How do you measure how much material you need for a valance?
Divide the cut fabric width by the width of the chosen fabric for the number of widths required. Multiply that number by the cut fabric length. Divide the result by 36 for the number of yards of fabric required for a self-lined gathered valance. via
How wide should a valance be for a 36 inch window?
To determine the width of a valance for a 36-inch window, the Window Treatment Expert website suggests adding 2 to 4 inches on each side, adding less for narrower windows and more for wider windows. For a 36-inch window, this measurement would provide you with a valance that has a width of 40 to 44 inches. via
How much fullness is needed for a valance?
So, if you are having curtains with a gathered valance, our experience has taught us that for the best results, you should aim for the curtains to have a fullness ratio of 2.0 – 2.5 times the rail width and the valance to have a fullness of around 2.5 – 3.0 times the rail width. via
What size should a valance be?
Another rule of thumb used by decorators is that the window valance depth should be 1/4 of the overall window height, plus 1 inch. A 60-inch tall window, then, would call for a 16-inch deep valance, while a 48-inch window calls for a valance about 13 inches deep. via
How many yards do I need for a valance?
So, how much yardage will you need for your new custom valance? The obvious answer is that it depends, but you should expect to need somewhere between 1-1/2 to 5 yards of face fabric for a standard 36- to 40-inch window. via
How much wider than the window should a valance be?
It depends on many things, but generally speaking, the valance will need to be somewhere between 2 to 3-1/2 times the width of the window you're trying to cover. For example, if the window is 50 inches wide, the valance should be about 100 to 150 inches wide when laid flat. via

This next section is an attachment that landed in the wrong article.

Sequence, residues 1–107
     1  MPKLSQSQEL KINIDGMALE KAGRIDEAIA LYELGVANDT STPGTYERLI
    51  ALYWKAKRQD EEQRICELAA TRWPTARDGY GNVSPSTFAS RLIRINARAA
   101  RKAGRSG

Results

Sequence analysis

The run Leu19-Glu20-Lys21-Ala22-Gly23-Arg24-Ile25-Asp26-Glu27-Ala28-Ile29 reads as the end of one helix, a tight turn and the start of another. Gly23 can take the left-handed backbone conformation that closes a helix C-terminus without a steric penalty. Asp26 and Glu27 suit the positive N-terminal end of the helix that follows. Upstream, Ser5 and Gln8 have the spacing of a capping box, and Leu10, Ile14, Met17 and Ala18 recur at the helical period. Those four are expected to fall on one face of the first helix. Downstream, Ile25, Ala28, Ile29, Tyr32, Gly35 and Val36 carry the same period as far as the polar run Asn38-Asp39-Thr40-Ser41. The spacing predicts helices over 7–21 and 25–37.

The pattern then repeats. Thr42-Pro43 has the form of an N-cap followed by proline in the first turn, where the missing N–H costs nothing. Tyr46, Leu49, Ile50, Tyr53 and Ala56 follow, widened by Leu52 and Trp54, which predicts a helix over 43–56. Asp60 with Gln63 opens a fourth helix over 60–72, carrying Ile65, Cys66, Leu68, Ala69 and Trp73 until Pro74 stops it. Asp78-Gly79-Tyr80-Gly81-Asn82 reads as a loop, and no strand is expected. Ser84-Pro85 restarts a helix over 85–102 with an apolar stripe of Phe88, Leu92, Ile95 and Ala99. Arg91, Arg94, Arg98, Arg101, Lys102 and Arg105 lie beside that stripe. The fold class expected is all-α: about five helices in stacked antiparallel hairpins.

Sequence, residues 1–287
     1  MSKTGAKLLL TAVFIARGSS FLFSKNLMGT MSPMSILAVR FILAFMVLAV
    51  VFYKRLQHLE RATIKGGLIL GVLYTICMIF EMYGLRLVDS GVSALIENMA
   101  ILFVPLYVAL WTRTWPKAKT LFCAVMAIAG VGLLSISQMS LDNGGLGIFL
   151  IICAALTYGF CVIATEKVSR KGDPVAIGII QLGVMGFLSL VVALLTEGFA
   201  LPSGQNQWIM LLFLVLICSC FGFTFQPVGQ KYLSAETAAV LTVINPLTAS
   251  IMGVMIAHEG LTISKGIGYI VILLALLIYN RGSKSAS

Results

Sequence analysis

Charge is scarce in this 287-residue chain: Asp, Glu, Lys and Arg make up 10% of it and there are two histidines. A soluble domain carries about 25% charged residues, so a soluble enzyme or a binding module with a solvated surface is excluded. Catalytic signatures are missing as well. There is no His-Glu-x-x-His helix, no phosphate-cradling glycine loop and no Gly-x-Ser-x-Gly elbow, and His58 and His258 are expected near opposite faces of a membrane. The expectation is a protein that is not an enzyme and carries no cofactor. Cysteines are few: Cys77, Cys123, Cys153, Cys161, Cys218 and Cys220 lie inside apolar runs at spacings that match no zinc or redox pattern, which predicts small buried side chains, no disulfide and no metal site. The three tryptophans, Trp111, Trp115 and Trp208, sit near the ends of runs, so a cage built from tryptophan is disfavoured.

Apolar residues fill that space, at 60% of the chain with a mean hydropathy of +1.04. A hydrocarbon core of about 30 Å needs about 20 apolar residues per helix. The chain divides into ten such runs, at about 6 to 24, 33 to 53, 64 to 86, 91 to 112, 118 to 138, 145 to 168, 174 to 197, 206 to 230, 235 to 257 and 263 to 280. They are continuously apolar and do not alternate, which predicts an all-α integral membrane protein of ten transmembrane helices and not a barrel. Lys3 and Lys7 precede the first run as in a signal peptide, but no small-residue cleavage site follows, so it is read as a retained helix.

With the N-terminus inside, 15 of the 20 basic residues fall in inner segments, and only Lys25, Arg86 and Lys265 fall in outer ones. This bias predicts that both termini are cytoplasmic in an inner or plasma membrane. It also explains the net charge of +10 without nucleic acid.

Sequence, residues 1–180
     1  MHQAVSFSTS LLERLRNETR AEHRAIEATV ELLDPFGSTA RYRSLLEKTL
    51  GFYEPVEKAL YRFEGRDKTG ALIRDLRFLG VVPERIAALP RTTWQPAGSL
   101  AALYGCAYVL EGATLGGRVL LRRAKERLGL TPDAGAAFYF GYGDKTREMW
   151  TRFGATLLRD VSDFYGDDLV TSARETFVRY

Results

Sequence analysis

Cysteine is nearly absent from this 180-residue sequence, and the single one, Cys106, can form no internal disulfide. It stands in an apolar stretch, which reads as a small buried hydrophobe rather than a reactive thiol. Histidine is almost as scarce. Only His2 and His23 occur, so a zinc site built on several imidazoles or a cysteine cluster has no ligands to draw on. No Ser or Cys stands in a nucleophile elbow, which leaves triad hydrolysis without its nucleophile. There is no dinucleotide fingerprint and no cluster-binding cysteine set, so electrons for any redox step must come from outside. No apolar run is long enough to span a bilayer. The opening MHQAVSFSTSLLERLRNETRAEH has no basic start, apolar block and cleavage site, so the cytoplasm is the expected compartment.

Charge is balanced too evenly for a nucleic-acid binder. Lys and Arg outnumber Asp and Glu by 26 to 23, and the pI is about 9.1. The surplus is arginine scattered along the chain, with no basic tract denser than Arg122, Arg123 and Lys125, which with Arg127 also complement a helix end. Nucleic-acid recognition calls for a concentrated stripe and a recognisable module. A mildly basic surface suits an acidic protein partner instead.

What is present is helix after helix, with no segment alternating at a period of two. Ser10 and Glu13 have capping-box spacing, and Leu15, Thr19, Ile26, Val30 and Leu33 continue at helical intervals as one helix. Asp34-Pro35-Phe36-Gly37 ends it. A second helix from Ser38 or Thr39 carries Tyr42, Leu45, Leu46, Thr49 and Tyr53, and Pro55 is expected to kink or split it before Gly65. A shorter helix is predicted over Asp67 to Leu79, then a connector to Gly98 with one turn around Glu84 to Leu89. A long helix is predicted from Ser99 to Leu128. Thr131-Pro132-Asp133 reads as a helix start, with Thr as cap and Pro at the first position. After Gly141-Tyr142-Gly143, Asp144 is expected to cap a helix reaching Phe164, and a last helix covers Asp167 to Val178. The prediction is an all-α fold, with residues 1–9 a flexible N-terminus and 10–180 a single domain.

What size valance do I need for a 40 inch window?
So, a 40-inch window should be covered by 41 to 44 inches of the valance above it. This is the finished, adjusted width that's only facing the front. via
Do you need a double curtain rod for a valance?
We recommend using two single curtain rods of 1" - 2" in diameter: the top one is for the valance with swags and tails, and the lower one for the two curtain panels. This way, you have more flexibility in adjusting height, width and projection (distance from the wall). via
How do I choose a window valance?
Remember the adage of Goldilocks: “not too small, not too big, just right!” But don't worry, it's not intimidating. Just know the height of your valance should be 1/6th the overall height of your whole window treatment, whether it be drapery, cellular shades, or a bare window. via
How do you measure a waterfall valance?
Measure the bottom width of your waterfall valance by multiplying the width of your window or curtain rod by 1.5. As in the example, if the window's width is 48 inches, multiply by 1.5 and the bottom width is 72 inches. Use the dowel rod to help draw a curve line in between points. via
How do you measure a swag valance?
Starting from the top of the pole on the left-hand side, take your flexible measuring tape and re-create the arc of the swag over to the top right-hand side of the pole. This is your swag measurement. You need to measure the lowest part of the draped swag in order to get the appropriate amount of fabric. via
How do you make an unlined valance? (video)
How do you hang a valance?
If you have 8-foot ceilings, the valance should be installed close to the ceiling. This translates to 1 to 2 inches below the ceiling line or crown molding. You'll have more freedom to hang the valance as you desire in a room with higher ceilings, but it's best to still hang it high. via
Can you use a valance with blinds?
Valance over drapes is quite common, imparting a regal and luxurious feel to the rooms. Valances can, however, be also paired with blinds and shades. You have to choose the color and design judiciously to pull off the look that you want to create. via